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thrust away, were not proper for its food. From this discovery we may conclude, that since this kind of animalculum cannot move from place to place in the water, nor consequently pursue its food, as other creatures do, that are endued with motion, being fastened by the tail or other parts of the body, it must necessarily be provided with such instruments as are fit to move the water, and by that means come at the particles floating in it, which serve for the nourishment, increase, and defence of its body.

I likewise observed a very few animalcula, whose bodies were short and thick, and much larger than those other animalcula that lodged themselves in a sheati., and were fastened by their tail, or extreme parts, to the little roots of the duckweed;

and though these short and thick animalcula could move from place to place, yet they also had a circular motion in the fore part of their bodies. From whence I concluded, that those motions served some other purposes than only to draw their food to them. On further considering what could be the use of these indented wheel-works, which are so like the indented wheels of a clock, or watch, I must own that they are very necessary to produce a great motion in the water; for, were it a round and smooth wheel, it would cause but a very small motion; whereas now, each tooth in the said wheel or circle produces a great motion, in comparison of what a smooth and plain wheel would do. Whence appears the surprising order in the formation of such small creatures, which are not to be perceived by the naked eye.

Concerning the Luminous Appearance observable in the Wake of Ships in the Indian Seas, &c. By FATHER BOURZES,

WHEN the ship ran apace, we often observed a great light in the wake, or the water that is broken and divided by the ship in its passage.

This light was not always equal : some days it was very little, others not at all; sometimes brighter, at others fainter; sometimes it was very vivid, and at other times nothing was to be seen. As to its brightness, I could easily read by it, though I was nine or ten feet above it from the surface of the water ; that is, the title of my book, which was in large letters.

Not only the wake of a ship produces this light, but fishes also in swimming leave behind them a luminous track; which is so bright, that one may distinguish the size of the fish, and know of what species it is. I have sometimes seen a great many fishes playing in the sea, which have made a kind of artificial fire in the water, that was a very pleasant sight. And often only a rope, placed crosswise, will so break the water, that it will become luminous. If one take some water out of the sea, and stir it ever so little with his hand in the dark, he may see in it an infinite number of bright particles. Or if one dip a piece of linen in sea-water, and twist or wring it in a dark place, he will see the same thing, and if it be even half dry.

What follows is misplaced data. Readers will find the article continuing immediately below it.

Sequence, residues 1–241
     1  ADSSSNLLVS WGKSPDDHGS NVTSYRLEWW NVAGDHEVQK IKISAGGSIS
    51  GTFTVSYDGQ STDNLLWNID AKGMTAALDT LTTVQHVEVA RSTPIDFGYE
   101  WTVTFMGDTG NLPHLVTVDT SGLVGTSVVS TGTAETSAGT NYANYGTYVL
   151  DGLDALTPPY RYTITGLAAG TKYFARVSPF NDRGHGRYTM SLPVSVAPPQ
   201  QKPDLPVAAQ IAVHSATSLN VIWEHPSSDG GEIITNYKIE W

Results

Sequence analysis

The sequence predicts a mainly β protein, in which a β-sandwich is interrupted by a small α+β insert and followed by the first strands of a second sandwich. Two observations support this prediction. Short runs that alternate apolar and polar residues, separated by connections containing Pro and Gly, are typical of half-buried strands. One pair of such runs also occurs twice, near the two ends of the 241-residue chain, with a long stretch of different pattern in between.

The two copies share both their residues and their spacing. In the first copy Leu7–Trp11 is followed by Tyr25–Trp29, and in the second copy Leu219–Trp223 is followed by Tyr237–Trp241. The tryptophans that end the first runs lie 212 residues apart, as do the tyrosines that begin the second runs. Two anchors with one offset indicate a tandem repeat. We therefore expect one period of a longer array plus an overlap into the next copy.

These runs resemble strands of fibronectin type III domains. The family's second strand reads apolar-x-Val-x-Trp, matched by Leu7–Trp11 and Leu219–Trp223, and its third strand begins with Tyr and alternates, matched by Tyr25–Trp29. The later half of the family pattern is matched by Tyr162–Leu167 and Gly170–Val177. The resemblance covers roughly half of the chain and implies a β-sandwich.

The production of this light depends very much on the quality of the water ; and, if I am not deceived, generally speaking, I may assert, other circumstances being equal

, that the light is largest when the water is fattest and fullest of foam ; for in the main' sea the water is not every where equally pure ; and sometimes linen dipped into the sea is clammy when it is drawn up again. And I have often observed, that when the wake of the ship was brightest, the water was more fat and glutinous ; and linen moistened with it produced a great deal of light, if it were stirred or moved briskly.

Besides, in sailing over some places of the sea, we find a matter or substance of different colours, sometimes red, sometimes yellow. In looking at it, one would think it sawdust; our sailors say it is the spawn or seed of whales. What it is, is not certain ; but when we draw up water in passing over these places, it is always viscous and glutinous. Our mariners also say, that there are a great many heaps or banks of this spawn in the north ; and that sometimes in the night they appear all over of a bright light, without being put in motion by any vessel or fish passing by them.

But to confirm further what I say, viz. that the water, the more glutinous it is, the more it is disposed to become luminous, I shall add one particular which I saw myself. One day we took in our ship a fish, which some thought was a boneta. The inside of the mouth of the fish appeared in the night like a burning coal ; so that without any other light I could read by it the same characters that I read by the light in the wake of the ship. Its mouth being full of a viscous humour, we rubbed a piece of wood with it, which immediately became all over luminous; but as soon as the moisture was dried up, the light was extinguished.

An Account of a Woman who had lain six Days covered with

Snow, without receiving any Nourishment, &c. By Mr. SAMUEL BOWDICH. - [1713.]

JOANNA Crippen, of Chardstock, in Dorset, being a spinner of worsted, was going home on the 24th of January with some work, but snow falling abundantly, and lying deep on the ground, she was forced to lie down under a hedge, having lost one of her shoes ; and her clothes, which were very mean, were by the brambles and thorns torn almost off her back : in which place she lay from Monday evening about six o'clock, until Sunday following about four in the afternoon, and then was discovered by some of our neighbours, who went out with poles, shovels, &c. to search for her; and after some time spent in it, at last found her buried in four feet deep of snow. One of the men thrusting at her with his pole, found she was there, and alive. She immediately spoke, and begged he would not push her too hard, for she was almost naked ; and desired that some of the women would come to her, and take her out, which was accordingly done; when they found her without stockings or shoes, an old whittle about her shoulders, with a large hole in it, which she had ate through : the snow melting down on her, she drank to quench her thirst. She had a mortification of one of her great toes, but she now is very hearty, and in a fair way of a perfect recovery. She was very sensible at the first taking her out, and still continued so ; and she knew every body perfectly well : and yet she had taken no manner of food all the time of her being in the snow.